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Martian Manhunter #1

Written by Steve Orlando

Illustrated by Riley Rossmo

Colored by Ivan Placencia

Lettered by Deron Bennett

Review by KrisK

The Martian Manhunter, aka J’onn J’onnz, hangs out in the background a lot since DC Rebirth. While he finally fights the good fight in Justice League, it took a long time to happen. For many of us, particularly those who grew up with the amazing animated series, the Martian Manhunter is a premier member of the Justice League. He soars in the Supergirl TV show, even if he is under utilized. (Probably because of his power).

It wasn’t until Metal, the Scott Snyder comics event that came with its own soundtrack, that J’onn has emerged to help the DC Universe. Which begs the question, what has he been up to during this time? DC has begun ret-conning his time as an important member of the Justice League, but you have to wonder what the deal is. Maybe Doomsday Clock will clear it up. Blame it on Doctor Manhattan.

When J’onn J’onnz isn’t fighting as a green man in a cape, he takes the form of a John Jones, a homicide detective for Midleton PD in Colorado. J’onn was as corrupt as they come when he worked as a Manhunter (Mars for police officer) on Mars. Here on Earth, he works penance, being the cop he should have been before on his home planet. One morning, while investigating a gory double murder/missing child case, J’onn starts sensing bits of Mars with his psychic abilities, specifically fright foam. The story flashes back to J’onn’s time as a Manhunter on Mars, shaking down criminals for money. He goes home to his loving family, but he keeps a part of him walled off from his wife, so she doesn’t know his crimes. The story jumps back to the present, and the case affects J’onn more and more to disastrous results.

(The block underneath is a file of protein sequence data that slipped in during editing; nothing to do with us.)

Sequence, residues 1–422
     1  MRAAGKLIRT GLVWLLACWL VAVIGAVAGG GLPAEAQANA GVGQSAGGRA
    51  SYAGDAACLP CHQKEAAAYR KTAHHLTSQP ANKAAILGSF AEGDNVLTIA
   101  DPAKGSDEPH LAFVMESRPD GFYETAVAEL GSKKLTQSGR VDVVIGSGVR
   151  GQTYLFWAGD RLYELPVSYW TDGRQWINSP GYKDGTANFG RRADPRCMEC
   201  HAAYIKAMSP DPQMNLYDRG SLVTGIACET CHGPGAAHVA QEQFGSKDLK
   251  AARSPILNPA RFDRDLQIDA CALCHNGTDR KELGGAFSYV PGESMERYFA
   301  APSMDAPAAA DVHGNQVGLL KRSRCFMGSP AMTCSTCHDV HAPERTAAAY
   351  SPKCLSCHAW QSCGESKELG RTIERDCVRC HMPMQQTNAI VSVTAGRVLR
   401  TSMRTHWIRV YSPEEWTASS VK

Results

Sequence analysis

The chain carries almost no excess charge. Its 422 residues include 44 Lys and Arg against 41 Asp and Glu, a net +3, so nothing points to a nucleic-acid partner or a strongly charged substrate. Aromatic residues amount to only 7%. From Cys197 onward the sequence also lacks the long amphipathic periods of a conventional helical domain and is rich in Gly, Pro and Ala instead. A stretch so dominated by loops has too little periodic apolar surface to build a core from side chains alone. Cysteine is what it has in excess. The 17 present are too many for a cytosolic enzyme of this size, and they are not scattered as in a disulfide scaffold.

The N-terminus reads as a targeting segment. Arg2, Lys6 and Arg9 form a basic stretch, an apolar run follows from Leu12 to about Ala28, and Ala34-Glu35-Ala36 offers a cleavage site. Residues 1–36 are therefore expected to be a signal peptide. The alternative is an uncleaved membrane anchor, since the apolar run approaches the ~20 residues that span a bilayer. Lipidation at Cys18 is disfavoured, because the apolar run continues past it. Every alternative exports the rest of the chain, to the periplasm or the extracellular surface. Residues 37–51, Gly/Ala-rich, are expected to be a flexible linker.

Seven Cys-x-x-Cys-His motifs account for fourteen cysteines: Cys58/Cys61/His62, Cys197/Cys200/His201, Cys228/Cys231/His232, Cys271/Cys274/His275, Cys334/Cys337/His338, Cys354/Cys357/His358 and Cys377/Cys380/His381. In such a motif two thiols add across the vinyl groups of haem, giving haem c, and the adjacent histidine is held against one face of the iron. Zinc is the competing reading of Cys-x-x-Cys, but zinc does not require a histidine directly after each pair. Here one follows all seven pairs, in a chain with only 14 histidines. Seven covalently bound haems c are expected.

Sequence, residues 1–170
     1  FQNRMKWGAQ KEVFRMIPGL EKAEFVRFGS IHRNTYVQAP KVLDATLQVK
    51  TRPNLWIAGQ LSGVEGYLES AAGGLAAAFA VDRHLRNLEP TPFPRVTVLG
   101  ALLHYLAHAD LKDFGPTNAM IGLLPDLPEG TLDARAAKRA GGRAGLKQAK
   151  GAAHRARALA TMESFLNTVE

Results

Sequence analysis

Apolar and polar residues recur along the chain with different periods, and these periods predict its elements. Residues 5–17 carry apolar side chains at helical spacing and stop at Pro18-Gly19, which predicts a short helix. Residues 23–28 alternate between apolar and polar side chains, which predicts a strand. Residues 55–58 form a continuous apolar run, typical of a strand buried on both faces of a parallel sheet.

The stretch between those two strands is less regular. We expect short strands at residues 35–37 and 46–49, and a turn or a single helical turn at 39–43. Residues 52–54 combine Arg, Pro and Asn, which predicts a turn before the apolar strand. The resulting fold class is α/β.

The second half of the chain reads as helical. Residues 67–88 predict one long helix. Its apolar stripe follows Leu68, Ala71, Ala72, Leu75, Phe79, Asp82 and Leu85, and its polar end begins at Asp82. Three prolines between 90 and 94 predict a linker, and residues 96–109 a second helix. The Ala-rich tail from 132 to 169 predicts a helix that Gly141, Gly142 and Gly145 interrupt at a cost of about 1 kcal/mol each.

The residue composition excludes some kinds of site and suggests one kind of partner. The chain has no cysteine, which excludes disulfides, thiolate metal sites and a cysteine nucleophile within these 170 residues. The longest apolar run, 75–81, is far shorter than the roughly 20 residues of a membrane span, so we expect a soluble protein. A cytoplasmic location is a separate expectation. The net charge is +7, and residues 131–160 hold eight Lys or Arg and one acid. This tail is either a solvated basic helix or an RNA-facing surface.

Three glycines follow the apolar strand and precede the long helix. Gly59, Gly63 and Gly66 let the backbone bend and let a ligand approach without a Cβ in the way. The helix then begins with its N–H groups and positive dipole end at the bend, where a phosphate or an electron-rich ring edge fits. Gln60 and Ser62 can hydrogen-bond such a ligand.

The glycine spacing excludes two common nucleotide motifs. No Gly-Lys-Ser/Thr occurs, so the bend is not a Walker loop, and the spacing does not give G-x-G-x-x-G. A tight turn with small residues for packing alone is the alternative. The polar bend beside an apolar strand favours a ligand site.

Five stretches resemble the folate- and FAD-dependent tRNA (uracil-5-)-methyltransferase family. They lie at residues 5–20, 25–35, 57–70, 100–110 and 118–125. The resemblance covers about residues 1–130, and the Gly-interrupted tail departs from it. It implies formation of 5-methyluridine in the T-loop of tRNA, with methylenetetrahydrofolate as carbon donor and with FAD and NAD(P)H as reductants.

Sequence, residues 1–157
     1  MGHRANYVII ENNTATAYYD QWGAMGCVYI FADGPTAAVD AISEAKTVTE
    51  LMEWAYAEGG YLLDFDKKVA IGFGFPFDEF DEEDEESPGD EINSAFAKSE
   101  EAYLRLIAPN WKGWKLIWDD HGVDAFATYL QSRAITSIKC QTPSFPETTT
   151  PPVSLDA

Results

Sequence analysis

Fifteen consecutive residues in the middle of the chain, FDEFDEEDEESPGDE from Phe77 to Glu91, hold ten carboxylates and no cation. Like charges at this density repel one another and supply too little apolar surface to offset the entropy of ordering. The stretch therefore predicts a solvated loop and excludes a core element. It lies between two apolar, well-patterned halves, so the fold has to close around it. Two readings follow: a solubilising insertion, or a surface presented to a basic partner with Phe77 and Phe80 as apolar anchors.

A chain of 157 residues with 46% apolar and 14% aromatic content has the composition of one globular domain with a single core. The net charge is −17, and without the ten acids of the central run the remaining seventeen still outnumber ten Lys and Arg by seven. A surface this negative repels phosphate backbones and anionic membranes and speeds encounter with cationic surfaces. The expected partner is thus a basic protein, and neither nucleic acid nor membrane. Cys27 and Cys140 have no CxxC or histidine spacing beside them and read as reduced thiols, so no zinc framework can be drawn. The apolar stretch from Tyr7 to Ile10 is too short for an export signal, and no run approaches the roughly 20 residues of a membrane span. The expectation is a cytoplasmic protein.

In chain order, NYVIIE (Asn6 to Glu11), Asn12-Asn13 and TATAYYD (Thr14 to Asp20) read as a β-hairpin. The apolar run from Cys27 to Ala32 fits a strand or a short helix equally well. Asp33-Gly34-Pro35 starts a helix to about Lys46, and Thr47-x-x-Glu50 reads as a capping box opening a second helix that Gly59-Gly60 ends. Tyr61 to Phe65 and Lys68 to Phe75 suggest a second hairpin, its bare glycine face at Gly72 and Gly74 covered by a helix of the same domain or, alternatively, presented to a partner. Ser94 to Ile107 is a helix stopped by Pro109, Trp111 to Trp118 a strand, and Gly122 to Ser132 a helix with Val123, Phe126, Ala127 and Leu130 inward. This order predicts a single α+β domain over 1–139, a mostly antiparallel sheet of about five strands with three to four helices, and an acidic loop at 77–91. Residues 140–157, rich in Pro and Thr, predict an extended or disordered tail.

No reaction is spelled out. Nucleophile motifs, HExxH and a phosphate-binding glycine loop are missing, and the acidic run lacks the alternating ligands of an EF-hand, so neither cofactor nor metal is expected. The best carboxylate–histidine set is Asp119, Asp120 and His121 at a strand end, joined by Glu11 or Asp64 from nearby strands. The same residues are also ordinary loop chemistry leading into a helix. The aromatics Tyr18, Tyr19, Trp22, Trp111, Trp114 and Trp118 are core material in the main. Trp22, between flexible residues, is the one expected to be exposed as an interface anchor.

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His race died by psychic hallucinations that they were combusting.

This comic is a wild ride. The story by Orlando tells so much about a character who has stood in the back for too long. His complexities intrigue the reader in ways that more straight forward characters like Superman and Captain America cannot. J’onn was bad, and he lost everything. His attempts at doing penance give him more heart than most human characters. His powers allow for more empathy and sympathy than most people can feel for a stranger.

The art is bananas, and I mean that in the best possible way. The style switches around between J’onn’s time in Midleton and Mars. Midleton’s art sports strange, dramatic facial proportions; Mars cranks it up to 11 with strange everything.

Verdict: Buy! This comic shines bright by doing its own thing. Everything from the art to the story’s dwelling on J’onn’s corrupt past feels like nothing else going on in DC at the moment. It’s amazing to see arguably the most powerful member of the Justice League in such gifted hands!

 

 

 

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